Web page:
Who will have the guardianship of my children if there is no Will?   

The Court will intervene and determine the guardianship of children below 21 years of age, where there is no Will in place. Under Sharia Law, the guardianship of the children is principally awarded to the father upon the death of the mother on the condition that there is a suitable woman (as determined by the Court) in the family home to look after the children. This said, UAE Courts have a tendency to appoint the closest male relative of the father and not the mother as the guardian of the children upon the father’s death. The mother is rarely appointed as the guardian and this is always subject to the mother not remarrying. In a nutshell, the absence of a registered Will may cause the children to be separated from each other and sent to different families. Use Legalintro to speak to a specialized Will and Probate Lawyer who will be able to draft a Will for the guardianship of your children according to your wish.  


What about the distribution of my assets?   

Non-Muslim expats have the option to choose the law of their home country for distribution of their assets in the UAE. However, in the absence of a formal Will governed by a law other than UAE law, Sharia Law will apply to the distribution of all movable as well as immoveable assets in the UAE. Since Sharia Law has a its own system of distribution, it may have some unexpected ramifications which differ from your intentions, such as a wife being qualified for only one-eighth of her deceased husband’s estate. Another rule under Sharia Law is that the son receives twice as much as a daughter. It should also be noted that Sharia law requires your personal assets including joint bank accounts to be frozen until all the liabilities of the deceased have been discharged. This includes all loans, credit cards and other liabilities borne by the deceased.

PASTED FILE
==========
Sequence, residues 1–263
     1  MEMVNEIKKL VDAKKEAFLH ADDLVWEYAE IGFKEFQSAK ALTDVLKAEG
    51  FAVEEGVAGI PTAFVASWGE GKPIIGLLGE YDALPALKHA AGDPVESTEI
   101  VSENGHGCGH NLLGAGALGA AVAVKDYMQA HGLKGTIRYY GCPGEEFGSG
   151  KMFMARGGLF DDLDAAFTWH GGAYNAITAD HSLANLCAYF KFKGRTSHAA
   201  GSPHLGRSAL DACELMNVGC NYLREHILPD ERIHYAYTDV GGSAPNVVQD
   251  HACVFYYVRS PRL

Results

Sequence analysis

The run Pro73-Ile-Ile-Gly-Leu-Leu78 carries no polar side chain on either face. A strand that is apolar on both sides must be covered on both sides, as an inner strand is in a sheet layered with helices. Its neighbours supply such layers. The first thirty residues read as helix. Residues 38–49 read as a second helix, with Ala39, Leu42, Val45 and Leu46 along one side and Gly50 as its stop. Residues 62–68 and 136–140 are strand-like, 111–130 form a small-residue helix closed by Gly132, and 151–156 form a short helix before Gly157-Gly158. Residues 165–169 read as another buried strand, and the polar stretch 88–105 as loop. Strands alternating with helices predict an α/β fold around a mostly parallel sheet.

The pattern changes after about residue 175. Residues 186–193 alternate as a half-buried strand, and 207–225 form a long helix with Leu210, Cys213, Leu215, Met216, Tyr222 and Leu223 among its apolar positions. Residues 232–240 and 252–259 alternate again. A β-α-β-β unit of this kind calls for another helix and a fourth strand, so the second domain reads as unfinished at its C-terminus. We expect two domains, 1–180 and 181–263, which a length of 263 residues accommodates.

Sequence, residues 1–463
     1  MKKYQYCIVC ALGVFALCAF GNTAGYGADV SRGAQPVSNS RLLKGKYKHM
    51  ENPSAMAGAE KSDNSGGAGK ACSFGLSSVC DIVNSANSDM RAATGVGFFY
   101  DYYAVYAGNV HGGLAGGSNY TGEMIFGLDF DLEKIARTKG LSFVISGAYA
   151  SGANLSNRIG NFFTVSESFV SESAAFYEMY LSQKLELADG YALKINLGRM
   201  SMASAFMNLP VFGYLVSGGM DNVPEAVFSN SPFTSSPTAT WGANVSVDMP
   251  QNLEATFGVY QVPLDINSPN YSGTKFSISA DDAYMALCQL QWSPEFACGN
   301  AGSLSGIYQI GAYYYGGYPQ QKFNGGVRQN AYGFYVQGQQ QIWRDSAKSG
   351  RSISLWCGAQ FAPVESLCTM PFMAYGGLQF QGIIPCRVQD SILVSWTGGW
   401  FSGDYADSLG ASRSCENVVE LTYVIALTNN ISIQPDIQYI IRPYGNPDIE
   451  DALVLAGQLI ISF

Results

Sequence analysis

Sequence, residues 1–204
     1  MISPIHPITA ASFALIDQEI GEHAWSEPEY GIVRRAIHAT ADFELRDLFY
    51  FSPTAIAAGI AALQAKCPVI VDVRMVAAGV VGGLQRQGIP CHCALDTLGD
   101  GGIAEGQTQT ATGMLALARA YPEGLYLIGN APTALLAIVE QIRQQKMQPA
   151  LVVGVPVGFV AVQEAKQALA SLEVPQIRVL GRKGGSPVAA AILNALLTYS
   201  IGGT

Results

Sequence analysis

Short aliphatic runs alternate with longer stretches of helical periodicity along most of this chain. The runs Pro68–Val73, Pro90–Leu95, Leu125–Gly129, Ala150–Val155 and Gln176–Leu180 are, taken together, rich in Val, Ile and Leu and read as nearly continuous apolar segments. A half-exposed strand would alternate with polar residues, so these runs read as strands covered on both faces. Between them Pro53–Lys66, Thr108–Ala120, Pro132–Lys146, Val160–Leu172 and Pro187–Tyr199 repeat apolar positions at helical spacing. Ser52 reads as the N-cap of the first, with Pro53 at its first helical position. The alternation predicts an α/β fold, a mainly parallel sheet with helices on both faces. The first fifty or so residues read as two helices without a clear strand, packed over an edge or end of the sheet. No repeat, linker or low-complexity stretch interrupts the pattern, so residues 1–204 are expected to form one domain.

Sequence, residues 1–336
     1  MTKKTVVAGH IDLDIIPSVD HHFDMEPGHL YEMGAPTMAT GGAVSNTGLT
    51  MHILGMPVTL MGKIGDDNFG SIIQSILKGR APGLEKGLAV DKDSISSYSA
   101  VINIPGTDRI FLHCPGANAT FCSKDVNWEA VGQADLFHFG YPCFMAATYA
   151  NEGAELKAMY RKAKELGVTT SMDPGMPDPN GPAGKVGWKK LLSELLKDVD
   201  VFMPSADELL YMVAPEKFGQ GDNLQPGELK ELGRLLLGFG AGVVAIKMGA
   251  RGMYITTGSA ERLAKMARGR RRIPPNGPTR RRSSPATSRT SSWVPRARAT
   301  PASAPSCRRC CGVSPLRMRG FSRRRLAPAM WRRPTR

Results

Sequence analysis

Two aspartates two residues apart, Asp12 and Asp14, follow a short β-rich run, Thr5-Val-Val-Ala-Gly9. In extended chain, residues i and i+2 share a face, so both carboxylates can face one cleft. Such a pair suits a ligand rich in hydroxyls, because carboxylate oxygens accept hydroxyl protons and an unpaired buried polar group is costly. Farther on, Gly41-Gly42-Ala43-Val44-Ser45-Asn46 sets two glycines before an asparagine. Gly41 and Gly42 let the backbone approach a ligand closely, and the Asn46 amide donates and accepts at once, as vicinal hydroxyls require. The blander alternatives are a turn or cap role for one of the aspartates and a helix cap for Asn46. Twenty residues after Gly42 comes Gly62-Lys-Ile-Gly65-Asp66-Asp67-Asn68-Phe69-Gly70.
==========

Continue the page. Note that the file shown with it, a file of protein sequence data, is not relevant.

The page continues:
How can I register my Will at the DIFC Will and Probate Registry? 

Individuals who are not Muslim and have never been a Muslim, and who are over 21 years of age can register Wills at the Registry either in person or via the Virtual Registry. The Will must only cover assets situated in the Emirate of Dubai and/or Ras Al Khaimah. It is worth noting that since the Registry is a public government body, it does not provide any legal advice or assist individuals in preparing a Will. In other words, the DIFC Registry is not in the position to draft a Will on your behalf.


Who can help me draft my Will?

Your Will is an extremely important document and you are strongly advised to consider taking legal advice in its preparation. The Registry and the applicable laws set down certain requirements that must be met for a Will to be registrable and if these are not met, your Will would be unenforceable. Individuals wishing to register a Will should seek legal advice and assistance from a specialized lawyer who will ask the right questions, draft a Will to suit your specific family circumstances and ensure that the Will is in compliance with the requirements applicable.